Not allowing human rights organizations visit prisons for decades has a lower cost then opening them up to international inspection.
By Louise Tillotson, Caribbean researcher
Late last year, in a country where the Internet remains state-controlled and censored, Cuba’s new president, Miguel Díaz-Canel, launched a twitter account. Since then, one of his favourite hashtags has been “#SomosContinuidad” (We are continuity). But what does “continuity” mean for human rights in Cuba?
Just a month after the president took office, the UN conducted a review of Cuba’s human rights record. As in previous reviews, Cuba’s authorities continued to reject a host of recommendations by other UN member states to ratify even the most basic international human rights treaties. They also refused multiple recommendations to strengthen the independence of the judiciary or to bring Cuba’s criminal laws in line with international law.
“Continuity” also means that Cuba will remain the only country in the Americas that Amnesty International, and most other independent human rights monitors, cannot visit. In September, we publicly reiterated our multiple requests to enter Cuba. After years, Cuba’s ambassador to the UN finally gave us a response: “Amnesty International will not enter Cuba, and we don’t need their advice.”
'Continuity' also means that Cuba will remain the only country in the Americas that Amnesty International, and most other independent human rights monitors, cannot visit.
But we won’t be deterred. Although not being able to visit Cuba makes our job harder – because we always prefer to sit down with governments and hear their version of events – we will keep finding ways to get around this. For example, in 2017, when thousands of Cuban migrants were crossing South and Central America and heading to the United States, we went to find and interview more than 60 of them in Mexico. Many had sold everything they owned, crossed about eight countries, and walked through the Darién Gap – a wild and perilous stretch of jungle between Colombia and Panama – in search of a life where they didn’t feel weighed down and suffocated by Cuba’s oppressive state machinery.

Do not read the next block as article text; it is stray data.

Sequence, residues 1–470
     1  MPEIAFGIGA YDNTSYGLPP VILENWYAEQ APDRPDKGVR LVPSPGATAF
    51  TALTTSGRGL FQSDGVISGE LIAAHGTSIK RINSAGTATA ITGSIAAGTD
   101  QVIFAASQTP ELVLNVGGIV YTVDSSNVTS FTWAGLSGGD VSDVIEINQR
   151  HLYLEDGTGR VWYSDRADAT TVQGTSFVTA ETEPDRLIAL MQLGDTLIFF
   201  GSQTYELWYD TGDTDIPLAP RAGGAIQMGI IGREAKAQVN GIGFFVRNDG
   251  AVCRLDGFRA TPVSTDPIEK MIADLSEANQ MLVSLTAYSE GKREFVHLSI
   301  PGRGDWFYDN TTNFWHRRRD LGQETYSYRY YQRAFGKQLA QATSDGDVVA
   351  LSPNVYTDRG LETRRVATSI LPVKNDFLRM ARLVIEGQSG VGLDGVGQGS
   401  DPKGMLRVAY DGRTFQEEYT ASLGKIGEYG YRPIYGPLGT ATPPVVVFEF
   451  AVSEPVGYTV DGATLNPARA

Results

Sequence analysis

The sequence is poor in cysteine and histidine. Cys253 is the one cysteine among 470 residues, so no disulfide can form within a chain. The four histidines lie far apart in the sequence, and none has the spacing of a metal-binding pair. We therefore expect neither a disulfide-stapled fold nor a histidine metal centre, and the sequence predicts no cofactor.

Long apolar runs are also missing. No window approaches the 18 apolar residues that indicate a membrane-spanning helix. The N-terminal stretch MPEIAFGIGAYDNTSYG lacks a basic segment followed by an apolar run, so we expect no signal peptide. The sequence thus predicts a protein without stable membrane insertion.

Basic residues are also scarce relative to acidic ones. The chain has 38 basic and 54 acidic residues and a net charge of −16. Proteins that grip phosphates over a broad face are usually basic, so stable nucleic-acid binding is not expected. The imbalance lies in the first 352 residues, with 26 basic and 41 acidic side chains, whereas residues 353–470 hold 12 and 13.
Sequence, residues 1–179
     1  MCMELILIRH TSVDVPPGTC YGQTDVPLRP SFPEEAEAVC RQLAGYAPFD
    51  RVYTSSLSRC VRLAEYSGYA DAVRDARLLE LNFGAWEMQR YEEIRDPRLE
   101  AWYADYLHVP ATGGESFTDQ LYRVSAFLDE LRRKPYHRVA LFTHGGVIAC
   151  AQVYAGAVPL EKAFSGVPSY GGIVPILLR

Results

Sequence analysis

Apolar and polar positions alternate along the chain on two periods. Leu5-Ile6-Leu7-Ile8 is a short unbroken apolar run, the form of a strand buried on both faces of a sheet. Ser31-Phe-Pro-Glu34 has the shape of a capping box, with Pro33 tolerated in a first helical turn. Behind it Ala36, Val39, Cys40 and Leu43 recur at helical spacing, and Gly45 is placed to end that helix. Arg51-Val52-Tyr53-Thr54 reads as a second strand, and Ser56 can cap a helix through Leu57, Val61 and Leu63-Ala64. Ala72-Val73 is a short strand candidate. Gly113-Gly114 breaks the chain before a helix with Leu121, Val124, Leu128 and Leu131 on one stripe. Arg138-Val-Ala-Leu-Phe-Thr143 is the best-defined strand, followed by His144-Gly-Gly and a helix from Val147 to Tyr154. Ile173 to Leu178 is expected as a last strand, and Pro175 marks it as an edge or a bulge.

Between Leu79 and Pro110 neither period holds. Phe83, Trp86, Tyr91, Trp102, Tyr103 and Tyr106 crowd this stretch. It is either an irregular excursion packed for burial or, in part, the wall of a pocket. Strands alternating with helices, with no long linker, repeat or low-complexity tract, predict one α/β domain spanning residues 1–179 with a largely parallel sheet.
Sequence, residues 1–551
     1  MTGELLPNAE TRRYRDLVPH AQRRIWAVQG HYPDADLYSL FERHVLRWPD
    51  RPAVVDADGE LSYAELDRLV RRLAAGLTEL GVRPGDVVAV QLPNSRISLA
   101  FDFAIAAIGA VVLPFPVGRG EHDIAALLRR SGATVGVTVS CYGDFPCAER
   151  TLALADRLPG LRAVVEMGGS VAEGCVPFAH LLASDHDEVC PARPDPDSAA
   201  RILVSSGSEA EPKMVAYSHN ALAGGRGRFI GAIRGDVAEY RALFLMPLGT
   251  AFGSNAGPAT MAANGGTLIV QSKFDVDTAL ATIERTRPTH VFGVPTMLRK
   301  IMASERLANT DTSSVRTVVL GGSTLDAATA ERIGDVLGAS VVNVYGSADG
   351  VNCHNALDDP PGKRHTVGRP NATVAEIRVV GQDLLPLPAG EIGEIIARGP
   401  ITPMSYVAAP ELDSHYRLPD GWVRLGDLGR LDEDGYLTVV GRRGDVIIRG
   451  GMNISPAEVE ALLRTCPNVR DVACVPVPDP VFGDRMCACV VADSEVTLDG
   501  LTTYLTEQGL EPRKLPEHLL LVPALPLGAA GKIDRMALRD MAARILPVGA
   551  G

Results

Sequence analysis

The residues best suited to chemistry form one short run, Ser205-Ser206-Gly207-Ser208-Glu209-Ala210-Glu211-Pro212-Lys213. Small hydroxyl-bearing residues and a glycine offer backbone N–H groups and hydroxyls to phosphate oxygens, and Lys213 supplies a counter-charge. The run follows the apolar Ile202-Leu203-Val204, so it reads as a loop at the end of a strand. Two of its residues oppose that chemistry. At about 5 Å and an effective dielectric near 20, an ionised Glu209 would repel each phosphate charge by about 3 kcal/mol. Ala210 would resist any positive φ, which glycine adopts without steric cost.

The report we produced after many hours of interviews with ordinary Cubans detailed how trumped-up charges for common crimes, and politically motivated dismissals from state employment, continue to be used as tactics to silence those who even vaguely criticize the country’s political or economic system.
President Díaz-Canel seems to only want to strengthen this web of control over freedom of expression. In April 2018, one of the first laws he signed was Decree 349, a dystopian prospect that stands to censor artists, who will need prior authorization from the state in order to work, or risk sanction. So far, authorities have reportedly arbitrarily detained independent artists who have dared to protest the law. Of course, this is nothing new. Amnesty International has documented repression of independent artists in Cuba since at least the 1980s.
Perhaps a glimmer of hope last year was found in the constitutional reform process. Amnesty International welcomed the inclusion of protections against discrimination for LGBTI people in the first draft, and a provision which would have made Cuba the first independent nation in the Caribbean to legalize same-sex marriage. But by the end of 2018, the government had removed support for same-sex unions from the draft Constitution that will be put to referendum this month.
So, what is 'continuity' for human rights in Cuba? It’s confrontation and often detention or job loss, rather than dialogue, for anyone who challenges the state’s system.
There are some more progressive parts of the new Constitution – such as the explicit recognition of climate change as a global threat. But unless the authorities stop locking up activists like environmentalist Ariel Ruiz Urquiola for alleged “contempt” or disrespect of public officials, start giving Cubans access to information to participate in policies that affect the environment, and make the judiciary independent enough to enforce constitutionally protected rights, it’s hard to imagine that the new Constitution will translate into greater protection of human rights in practice.
So, what is “continuity” for human rights in Cuba? It’s confrontation and often detention or job loss, rather than dialogue, for anyone who challenges the state’s system.
It’s people imprisoned solely for the peaceful exercise of his right to freedom of expression. And it’s the continued prohibition of the legitimate work of human rights organizations and lawyers who seek to defend them.
But within this tired system, “continuity” is also brave independent journalists and human rights activists taking risks, getting arrested, and daring to look through the cold divides of political ideology to think about alternatives and change.